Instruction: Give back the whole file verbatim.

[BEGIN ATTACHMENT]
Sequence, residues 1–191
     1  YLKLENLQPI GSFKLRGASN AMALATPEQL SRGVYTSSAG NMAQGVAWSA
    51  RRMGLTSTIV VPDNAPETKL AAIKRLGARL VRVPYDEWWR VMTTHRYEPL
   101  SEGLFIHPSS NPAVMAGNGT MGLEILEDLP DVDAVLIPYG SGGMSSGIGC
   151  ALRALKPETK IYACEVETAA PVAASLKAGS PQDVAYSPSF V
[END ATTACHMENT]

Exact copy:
Sequence, residues 1–191
     1  YLKLENLQPI GSFKLRGASN AMALATPEQL SRGVYTSSAG NMAQGVAWSA
    51  RRMGLTSTIV VPDNAPETKL AAIKRLGARL VRVPYDEWWR VMTTHRYEPL
   101  SEGLFIHPSS NPAVMAGNGT MGLEILEDLP DVDAVLIPYG SGGMSSGIGC
   151  ALRALKPETK IYACEVETAA PVAASLKAGS PQDVAYSPSF V